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Baroness Hayman: My Lords, I am grateful for the contributions of the noble Earl and the noble Lord and, perhaps most of all, for the recognition by the noble Lord, Lord Clement-Jones, that he raised a wide range of questions. I shall do my best to answer the broad issues raised by both speakers.

As regards his remarks about inequality, that ties in with the issue that the noble Earl, Lord Howe, raised about there being real differences in approach to those matters. We cannot avoid recognising those differences. They are reflected in the attitude of previous Conservative governments to the Black report and of this Government to the Acheson report.

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The noble Lord, Lord Clement-Jones, asked about work to take forward the health inequalities agenda together with the White Paper, which makes it quite clear that we have dual aims for a public health strategy. One is improving the health of the whole population and the other is improving the health of those who are worst off and most deprived so that we narrow the gap that has been widening in previous years.

Together with the White Paper we have published another action report on reducing health inequalities. It recognises in particular the range of government activity necessary if we are to make a real impact on poor health as well as on health services. That means work to tackle poverty and deprivation, poor housing, lack of facilities, and providing access to fresh food at reasonable prices and decent public transport. In those areas people suffer from multiple deprivation which is reflected in ill health. That is why we have a separate and parallel publication on the action that we are taking.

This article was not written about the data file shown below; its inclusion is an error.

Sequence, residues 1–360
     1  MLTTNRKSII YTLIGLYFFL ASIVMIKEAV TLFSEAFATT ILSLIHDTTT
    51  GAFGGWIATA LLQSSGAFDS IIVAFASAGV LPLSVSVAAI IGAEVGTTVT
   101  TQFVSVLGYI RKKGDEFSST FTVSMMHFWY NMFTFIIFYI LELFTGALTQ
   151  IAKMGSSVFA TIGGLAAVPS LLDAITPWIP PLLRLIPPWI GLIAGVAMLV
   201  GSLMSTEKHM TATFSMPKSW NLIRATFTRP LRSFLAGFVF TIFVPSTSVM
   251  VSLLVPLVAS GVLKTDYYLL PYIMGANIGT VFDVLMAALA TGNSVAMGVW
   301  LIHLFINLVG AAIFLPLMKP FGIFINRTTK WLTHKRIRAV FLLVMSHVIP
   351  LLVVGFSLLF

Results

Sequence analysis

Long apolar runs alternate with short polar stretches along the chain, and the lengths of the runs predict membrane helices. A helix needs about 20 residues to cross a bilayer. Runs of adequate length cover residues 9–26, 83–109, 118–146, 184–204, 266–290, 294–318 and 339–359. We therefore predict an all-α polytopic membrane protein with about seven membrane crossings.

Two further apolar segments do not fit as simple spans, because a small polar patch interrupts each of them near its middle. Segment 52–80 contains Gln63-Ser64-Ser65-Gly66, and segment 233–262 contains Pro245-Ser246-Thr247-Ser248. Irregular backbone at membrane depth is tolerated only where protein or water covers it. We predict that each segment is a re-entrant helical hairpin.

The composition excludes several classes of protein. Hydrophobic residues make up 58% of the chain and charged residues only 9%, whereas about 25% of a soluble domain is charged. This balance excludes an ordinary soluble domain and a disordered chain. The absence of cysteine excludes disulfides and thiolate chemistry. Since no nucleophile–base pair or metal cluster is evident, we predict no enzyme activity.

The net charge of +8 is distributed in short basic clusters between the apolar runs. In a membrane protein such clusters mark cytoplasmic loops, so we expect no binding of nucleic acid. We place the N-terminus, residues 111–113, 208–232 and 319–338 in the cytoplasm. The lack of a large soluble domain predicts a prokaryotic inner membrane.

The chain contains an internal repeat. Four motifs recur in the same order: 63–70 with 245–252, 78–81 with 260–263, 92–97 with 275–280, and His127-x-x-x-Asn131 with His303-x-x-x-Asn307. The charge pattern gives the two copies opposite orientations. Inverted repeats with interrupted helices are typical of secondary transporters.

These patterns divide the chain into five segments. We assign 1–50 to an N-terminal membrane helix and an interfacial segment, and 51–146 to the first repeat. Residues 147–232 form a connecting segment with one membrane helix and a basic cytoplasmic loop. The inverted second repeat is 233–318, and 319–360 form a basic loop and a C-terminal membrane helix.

For example, the social exclusion unit concerned with teenage pregnancies recognises the need to tie up issues concerned with social security, financial support, access to work as well as access to information and services. For example, investment in education can have an enormous effect on the health of individuals.

The noble Lord, Lord Clement-Jones, asked whether it was a matter of women and children first. Women are certainly key determinants as regards the health of families. There is much international evidence that investment in the education of women results in the improvement of health of children and populations. That is something that we have to recognise. The Sure Start programme reflects that recognition. It is recognised in the targeting of work within health action zones and in the funding for smoking cessation services. There we find the answers to the questions of the noble Earl, Lord Howe, about targeting resources to the areas where there is most need. I agree with him that we are here seeking to level up rather than level down.

The noble Lord also asked about equality of access to effective medicines. We are taking action, for example, on psychotropic drugs in terms of reference to the National Institute for Clinical Excellence to make sure that the same evidence base is used by health authorities. On the issue of statins, we have the National Service Framework for Coronary Heart Disease. Looking at the National Service Framework for Mental Health, we see that we recognise the need to focus on a whole range of services to improve mental health.